Australians are working more hours for higher hourly wages, driving a two decade long substantial growth in personal and household income, according to a new report released by the Productivity Commission.

 The Trends in the Distribution of Income in Australia working paper found that Australia had experienced solid growth across all parts of income distribution over the 20 year period to 2009-10.

At a household level, strong increases in employment have offset any growth in the dispersion of individual income, causing a marked drop in measured inequality in household labour incomes. The report also found that once capital and other income is factored in, equality and income disparity drops even further.

Taxes have remained a significant equalising factor on the distribution of household income, according to the report’s authors Jared Greenville, Clinton Pobke and Nikki Rogers.

“While the growing dispersion in full-time earnings in Australia is also observed in other OECD countries, the strong improvement in Australia in both workforce participation and employment, particularly for households in lower income deciles, is not,” the report concluded.

The key points of the report include:

  • Between 1988-89 and 2009-10, the incomes of individuals and households in Australia have risen substantially in real terms and in comparison to trends in other OECD countries, with particularly strong growth between 2003-04 and 2009-10.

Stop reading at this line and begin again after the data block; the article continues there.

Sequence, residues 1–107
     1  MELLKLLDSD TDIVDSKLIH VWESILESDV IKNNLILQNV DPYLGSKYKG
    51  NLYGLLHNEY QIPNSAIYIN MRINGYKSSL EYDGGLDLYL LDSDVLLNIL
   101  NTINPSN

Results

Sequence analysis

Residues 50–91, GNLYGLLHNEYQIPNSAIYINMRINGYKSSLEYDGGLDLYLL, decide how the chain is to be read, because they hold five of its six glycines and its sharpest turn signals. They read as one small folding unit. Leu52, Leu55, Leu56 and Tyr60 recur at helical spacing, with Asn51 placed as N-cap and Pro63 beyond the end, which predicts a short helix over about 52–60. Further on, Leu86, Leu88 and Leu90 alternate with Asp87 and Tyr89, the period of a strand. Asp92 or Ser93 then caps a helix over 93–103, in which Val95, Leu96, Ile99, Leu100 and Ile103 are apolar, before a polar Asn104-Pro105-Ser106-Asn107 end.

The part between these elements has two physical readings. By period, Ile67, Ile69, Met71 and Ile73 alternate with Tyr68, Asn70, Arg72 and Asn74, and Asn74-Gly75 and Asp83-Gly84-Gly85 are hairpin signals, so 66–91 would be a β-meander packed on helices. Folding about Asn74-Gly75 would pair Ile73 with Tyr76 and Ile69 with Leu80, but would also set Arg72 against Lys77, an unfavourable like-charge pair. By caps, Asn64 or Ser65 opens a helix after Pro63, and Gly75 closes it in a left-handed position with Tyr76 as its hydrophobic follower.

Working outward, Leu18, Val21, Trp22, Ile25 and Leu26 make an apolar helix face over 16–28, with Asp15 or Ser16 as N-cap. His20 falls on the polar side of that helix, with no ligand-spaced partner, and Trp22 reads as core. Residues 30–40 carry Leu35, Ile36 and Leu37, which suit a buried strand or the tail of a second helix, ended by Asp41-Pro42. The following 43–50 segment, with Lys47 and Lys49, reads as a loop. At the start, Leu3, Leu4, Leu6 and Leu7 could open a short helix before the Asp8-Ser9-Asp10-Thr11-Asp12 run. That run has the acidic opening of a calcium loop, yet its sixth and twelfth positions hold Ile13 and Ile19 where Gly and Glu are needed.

• The increase has mainly been driven by growth in labour force earnings, arising from employment growth, more hours worked (by part-time workers) and increased hourly wages.
  • While real individual and household incomes have both risen across their distributions, increases have been uneven.
    • The rate of growth has been higher at the 'top end' of the distributions than the 'bottom end'.
    • Incomes for those in the middle of the distribution have spread out (that is, they have become less concentrated around the average).
  • These changes underlie the recently observed increases in summary measures of inequality (such as the Gini Coefficient) in Australia for individual and household incomes.
    • At the individual level, the key drivers are the widening dispersion of hourly wages of full-time employees and (to a lesser extent) the relatively stronger growth in part-time employment.
    • At the household level, the key driver has been capital income growth amongst higher income households. The impact of growing dispersion of hourly wages on the distribution of labour income has been offset by increased employment of household members including a decline in the share of jobless households.
  • Final income is also influenced by government taxes and transfers. These have a substantial redistributive impact on the distribution of household income, substantially reducing measured inequality.
  • Although the progressive impact of the tax and transfer system declined slightly from the early 2000s (with the introduction of the GST and a fall in the number of recipients of government benefit payments associated with higher employment), real growth in the value of direct and indirect transfers contributed to growth in incomes for low income households.
  • The analysis highlights the need to examine the changes in various income components and population subgroups in order to understand the changes in the distribution of income and inequality measures such as the Gini coefficient.
    • Differences in individual income, and therefore household income levels, occur for a variety of reasons including personal choices and innate characteristics as well as opportunities and inheritances. These differences combine with broader economic forces and policy settings to influence the distribution of income over time.

The full report can be found here